Michigan HB4344, the Motor Vehicle Service Repair Act, was recently amended to prohibit collision repair shops from using the majority of the aftermarket parts available today in the first six years of a vehicle’s life. The bill would require that the only non-automaker parts used in repairs be “verified by a nationally recognized automotive parts testing agency.”
The Automotive Body Parts Association (ABPA) strongly opposes this language that would raise prices and limit consumer choice in vehicle repair.
“This is a misguided attempt to legislate against fair competition in the automotive repair business,” said Ed Salamy, ABPA executive director. “The HB4344 aftermarket amendment is driven by the car companies and aimed at creating a vehicle manufacturer parts monopoly in Michigan at the expense of consumer choice.”
The aftermarket collision parts industry ensures that there are economical parts options available in the marketplace. The availability of aftermarket parts also helps keep the prices of car companies’ replacement parts lower.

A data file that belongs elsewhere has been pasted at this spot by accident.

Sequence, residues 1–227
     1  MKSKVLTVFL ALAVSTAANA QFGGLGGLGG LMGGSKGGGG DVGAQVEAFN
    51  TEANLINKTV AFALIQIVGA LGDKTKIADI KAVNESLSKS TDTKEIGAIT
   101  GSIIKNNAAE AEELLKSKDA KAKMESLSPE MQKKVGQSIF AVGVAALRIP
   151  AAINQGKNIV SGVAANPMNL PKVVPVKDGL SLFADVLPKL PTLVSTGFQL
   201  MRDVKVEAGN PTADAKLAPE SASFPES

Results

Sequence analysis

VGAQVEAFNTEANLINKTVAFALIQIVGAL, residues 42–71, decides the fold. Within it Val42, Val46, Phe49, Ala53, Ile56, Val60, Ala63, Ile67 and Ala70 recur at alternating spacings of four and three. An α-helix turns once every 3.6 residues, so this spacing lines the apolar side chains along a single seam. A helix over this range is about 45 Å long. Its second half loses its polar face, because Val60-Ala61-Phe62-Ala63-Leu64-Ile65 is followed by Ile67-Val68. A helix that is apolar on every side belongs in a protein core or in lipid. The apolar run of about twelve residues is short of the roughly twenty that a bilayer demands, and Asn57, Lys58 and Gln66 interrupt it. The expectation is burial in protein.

While members of the aftermarket parts industry employ quality assurance programs, including NSF International and Certified Automotive Parts Association (CAPA), the bill would make over 85 percent of the replacement parts market for insurance paid repairs dependent on OEM parts for the first six years. There is no part certification process for auto company-produced parts. With more than 50 million vehicles recalled in 2015, the car companies clearly do not hold the high ground on safety and quality.
“The ultimate test is providing assurance to consumers that the parts used to repair their vehicles are safe and will deliver performance that is functionally equivalent to OEM parts,” Executive Director Salamy continued. “Aftermarket parts do that every day, providing consumers with significant cost savings. Michigan legislators should strip this bad amendment before moving forward with the bill.”